those same kids, grown up and much more successful than you. (And your mom keeps all their albums

under the bed).


TWIABP pushes the limits of their compositional ability and they have birthed such an innovative sound

utilizing introspective lyrics with conversations flowing between the vocals and instrumentals. The first

track, “You Can’t Live there Forever” talks about the harmlessness of our thoughts, “formless in our

minds.” The song begins quietly and then swells into an orchestral sound reminiscent of Noah and the

Whale’s First Days of Spring. It’s an incredible opening track that is both extremely satisfying to listen to,

but it also leaves you wanting more of whatever that was. The track addresses a fear of death, but the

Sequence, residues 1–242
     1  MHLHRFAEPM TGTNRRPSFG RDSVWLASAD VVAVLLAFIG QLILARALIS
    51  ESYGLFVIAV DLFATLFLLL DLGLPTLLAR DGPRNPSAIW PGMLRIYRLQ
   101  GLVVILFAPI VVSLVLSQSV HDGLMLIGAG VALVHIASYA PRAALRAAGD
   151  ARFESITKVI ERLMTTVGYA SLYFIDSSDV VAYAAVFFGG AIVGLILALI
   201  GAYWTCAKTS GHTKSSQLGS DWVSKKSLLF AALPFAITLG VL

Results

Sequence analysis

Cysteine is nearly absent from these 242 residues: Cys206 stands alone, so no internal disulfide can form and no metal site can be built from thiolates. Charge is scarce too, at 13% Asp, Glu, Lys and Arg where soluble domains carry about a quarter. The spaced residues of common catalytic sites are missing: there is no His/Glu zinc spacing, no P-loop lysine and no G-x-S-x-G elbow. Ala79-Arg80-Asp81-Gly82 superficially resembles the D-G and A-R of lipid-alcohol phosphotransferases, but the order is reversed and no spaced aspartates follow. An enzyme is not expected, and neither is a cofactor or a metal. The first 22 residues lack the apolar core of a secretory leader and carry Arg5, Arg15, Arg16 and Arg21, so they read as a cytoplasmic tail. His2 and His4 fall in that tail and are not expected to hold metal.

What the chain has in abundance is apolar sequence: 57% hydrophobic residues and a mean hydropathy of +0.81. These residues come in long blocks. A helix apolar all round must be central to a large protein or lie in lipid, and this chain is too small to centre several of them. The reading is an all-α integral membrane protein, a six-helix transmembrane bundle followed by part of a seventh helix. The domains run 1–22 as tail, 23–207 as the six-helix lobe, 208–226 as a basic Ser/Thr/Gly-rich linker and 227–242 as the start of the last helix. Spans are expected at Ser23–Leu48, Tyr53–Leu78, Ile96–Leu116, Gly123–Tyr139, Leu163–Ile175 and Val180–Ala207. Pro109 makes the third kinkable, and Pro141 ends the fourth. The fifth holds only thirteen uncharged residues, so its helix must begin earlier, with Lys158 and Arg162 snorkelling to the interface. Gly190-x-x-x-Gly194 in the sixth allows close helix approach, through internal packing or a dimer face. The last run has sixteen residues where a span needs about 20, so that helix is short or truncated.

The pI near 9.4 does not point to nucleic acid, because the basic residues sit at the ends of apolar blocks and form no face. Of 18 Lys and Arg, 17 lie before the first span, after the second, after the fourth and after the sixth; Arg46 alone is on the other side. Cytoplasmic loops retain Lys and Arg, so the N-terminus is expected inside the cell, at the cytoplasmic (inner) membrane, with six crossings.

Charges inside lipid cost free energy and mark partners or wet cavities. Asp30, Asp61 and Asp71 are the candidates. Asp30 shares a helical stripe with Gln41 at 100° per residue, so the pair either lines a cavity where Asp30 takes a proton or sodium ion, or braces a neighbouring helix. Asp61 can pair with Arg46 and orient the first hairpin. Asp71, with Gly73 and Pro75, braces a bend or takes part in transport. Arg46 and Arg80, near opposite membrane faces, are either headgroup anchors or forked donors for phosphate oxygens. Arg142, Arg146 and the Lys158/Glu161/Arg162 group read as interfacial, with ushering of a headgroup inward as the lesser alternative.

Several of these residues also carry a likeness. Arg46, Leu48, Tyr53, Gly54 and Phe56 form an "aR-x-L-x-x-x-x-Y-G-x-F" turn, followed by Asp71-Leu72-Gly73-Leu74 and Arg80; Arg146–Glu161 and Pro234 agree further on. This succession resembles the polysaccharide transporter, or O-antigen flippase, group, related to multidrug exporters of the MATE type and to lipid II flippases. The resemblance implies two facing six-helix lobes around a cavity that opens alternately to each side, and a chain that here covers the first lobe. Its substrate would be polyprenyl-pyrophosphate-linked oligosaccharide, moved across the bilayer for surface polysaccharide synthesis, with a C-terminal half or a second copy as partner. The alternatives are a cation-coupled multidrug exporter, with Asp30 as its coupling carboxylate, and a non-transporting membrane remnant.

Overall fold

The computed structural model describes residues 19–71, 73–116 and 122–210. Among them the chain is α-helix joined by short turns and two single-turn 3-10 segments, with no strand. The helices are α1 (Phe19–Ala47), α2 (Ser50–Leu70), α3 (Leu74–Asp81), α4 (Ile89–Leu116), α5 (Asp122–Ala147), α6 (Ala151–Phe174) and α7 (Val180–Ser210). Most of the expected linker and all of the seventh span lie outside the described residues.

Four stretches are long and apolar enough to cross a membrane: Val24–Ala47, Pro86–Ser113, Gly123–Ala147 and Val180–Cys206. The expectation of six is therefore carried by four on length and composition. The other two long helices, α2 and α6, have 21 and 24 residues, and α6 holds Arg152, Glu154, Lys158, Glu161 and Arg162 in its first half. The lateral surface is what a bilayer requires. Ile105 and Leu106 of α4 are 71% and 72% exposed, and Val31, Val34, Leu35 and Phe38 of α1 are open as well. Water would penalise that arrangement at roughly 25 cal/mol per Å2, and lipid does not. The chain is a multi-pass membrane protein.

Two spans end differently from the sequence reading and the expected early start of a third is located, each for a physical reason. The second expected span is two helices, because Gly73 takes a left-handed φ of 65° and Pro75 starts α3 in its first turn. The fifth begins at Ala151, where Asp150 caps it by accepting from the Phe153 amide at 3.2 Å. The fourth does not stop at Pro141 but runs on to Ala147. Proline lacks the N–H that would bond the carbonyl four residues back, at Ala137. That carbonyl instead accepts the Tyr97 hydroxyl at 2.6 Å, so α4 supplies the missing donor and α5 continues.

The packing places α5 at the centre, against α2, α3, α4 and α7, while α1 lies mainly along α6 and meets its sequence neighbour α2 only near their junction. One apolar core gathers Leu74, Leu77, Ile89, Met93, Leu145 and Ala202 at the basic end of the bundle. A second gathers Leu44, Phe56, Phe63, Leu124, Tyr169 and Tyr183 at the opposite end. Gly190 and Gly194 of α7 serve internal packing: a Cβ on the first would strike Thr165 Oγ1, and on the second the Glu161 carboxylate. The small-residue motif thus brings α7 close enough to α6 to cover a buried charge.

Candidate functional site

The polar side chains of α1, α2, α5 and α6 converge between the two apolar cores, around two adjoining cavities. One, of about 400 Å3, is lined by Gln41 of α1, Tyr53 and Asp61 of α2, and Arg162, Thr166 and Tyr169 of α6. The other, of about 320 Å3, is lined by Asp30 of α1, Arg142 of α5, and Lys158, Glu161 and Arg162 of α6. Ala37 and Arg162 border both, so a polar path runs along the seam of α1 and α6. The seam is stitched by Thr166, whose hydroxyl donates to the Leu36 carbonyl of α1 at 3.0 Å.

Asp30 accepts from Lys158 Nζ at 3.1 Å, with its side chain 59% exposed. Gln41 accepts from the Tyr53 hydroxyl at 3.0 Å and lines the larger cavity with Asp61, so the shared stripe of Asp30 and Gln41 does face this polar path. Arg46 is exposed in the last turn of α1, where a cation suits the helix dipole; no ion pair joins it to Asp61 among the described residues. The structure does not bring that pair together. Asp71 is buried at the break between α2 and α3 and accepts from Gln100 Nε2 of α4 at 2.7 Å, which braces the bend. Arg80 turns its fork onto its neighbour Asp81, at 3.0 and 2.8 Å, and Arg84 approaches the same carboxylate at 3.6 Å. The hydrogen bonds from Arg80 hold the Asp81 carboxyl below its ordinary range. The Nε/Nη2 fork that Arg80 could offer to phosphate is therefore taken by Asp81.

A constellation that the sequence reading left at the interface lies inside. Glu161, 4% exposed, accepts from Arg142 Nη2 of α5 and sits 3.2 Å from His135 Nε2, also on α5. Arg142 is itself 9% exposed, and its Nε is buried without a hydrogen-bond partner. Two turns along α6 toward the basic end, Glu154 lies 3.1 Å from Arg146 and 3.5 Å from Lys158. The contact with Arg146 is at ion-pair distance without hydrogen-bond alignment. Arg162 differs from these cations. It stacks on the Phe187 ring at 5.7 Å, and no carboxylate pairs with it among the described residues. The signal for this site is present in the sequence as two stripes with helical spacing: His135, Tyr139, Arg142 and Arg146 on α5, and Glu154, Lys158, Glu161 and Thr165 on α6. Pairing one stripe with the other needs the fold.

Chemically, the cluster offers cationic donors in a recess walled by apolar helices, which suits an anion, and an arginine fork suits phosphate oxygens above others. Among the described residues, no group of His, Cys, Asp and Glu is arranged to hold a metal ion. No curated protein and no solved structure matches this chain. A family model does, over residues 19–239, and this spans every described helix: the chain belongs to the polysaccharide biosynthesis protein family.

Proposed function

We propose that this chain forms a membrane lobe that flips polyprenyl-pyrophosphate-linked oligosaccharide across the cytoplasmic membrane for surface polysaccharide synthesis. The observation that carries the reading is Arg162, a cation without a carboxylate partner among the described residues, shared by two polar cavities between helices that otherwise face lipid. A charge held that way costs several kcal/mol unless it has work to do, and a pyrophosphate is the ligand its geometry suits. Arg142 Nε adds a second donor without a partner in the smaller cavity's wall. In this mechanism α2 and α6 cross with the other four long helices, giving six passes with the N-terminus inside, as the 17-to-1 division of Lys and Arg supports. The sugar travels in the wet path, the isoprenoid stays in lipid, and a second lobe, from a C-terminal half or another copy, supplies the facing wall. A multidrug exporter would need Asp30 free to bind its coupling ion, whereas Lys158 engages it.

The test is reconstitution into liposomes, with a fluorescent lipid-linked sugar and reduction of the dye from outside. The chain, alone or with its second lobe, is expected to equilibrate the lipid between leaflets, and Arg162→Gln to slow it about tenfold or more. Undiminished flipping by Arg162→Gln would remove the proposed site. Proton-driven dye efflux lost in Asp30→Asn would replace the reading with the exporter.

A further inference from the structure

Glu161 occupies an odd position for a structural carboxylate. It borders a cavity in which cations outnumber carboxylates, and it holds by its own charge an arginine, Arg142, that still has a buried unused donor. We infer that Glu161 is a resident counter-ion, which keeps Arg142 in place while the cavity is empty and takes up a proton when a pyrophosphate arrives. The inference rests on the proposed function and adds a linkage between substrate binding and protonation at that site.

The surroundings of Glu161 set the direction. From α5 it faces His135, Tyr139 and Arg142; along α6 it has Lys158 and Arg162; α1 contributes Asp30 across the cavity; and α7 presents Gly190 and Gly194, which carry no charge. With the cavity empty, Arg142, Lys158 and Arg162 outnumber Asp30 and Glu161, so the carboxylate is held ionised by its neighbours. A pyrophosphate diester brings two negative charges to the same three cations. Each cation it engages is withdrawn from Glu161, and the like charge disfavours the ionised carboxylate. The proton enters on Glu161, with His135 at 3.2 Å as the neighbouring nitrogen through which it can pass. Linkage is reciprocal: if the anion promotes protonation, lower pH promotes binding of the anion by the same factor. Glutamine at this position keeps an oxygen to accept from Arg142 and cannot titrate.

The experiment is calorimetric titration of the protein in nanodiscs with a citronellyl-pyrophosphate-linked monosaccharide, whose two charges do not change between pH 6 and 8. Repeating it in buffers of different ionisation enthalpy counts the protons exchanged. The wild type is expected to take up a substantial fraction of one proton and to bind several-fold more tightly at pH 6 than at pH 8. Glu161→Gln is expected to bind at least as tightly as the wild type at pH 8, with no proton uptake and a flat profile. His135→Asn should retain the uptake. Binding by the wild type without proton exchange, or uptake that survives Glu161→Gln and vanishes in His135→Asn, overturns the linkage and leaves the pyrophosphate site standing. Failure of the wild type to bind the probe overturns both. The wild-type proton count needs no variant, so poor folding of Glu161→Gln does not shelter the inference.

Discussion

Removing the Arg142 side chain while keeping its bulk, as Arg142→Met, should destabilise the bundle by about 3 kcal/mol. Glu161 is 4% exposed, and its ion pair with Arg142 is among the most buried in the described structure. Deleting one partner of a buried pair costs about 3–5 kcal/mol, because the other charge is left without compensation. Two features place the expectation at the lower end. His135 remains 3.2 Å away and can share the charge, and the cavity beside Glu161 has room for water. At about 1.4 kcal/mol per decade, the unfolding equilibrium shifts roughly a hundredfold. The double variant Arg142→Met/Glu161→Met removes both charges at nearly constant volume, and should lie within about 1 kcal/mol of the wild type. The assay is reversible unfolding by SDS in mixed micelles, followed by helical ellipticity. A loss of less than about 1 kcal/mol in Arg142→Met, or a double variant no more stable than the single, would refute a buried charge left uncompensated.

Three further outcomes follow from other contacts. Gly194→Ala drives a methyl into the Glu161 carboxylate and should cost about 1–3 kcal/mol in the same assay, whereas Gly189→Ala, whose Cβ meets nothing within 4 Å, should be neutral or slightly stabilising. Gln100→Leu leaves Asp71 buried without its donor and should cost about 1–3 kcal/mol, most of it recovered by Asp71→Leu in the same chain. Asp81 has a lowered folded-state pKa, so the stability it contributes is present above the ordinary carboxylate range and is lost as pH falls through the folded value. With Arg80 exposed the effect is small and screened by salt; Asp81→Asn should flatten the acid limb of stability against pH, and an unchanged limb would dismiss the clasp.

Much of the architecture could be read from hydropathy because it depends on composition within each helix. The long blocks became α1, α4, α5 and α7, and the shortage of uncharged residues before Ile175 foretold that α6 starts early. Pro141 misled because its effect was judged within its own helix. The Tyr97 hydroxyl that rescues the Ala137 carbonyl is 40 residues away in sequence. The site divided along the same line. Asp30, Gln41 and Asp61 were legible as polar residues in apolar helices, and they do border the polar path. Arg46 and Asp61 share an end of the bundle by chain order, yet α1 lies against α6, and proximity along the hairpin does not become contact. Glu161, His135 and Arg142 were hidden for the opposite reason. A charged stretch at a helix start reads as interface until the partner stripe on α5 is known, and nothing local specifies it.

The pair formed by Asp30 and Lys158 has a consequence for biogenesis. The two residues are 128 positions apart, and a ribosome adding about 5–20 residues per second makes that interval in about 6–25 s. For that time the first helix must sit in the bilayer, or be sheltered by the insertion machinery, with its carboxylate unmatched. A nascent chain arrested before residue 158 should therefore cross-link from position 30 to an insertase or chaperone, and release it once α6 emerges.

line “We think that the world is alright and that’s a lie” brings a second theme to the table. If our

thoughts are as harmless as, “All is right in the world and nothing must be changed,” then nothing will

ever change and problems will be ignored. “We are harmless in our minds,” talks about how we may

feel as though the problems in the world are nothing we can do anything about. TWIABP loves this

theme, and it’s prevalent in previous works as well. It carries through the rest of the album as TWIABP

entices its listeners to allow their thoughts to become actions.


The lead single “January 10,” however is the truly definitive track of Harmlessness. The song is about

Diana, Hunter of Bus Drivers; a woman from Juarez who began killing bus drivers in retaliation to the

large number of murders, sexual assaults, and disappearances of women riding busses there. She is

named for Diana the Hunter, Roman goddess of women and childbirth, who is known in mythology for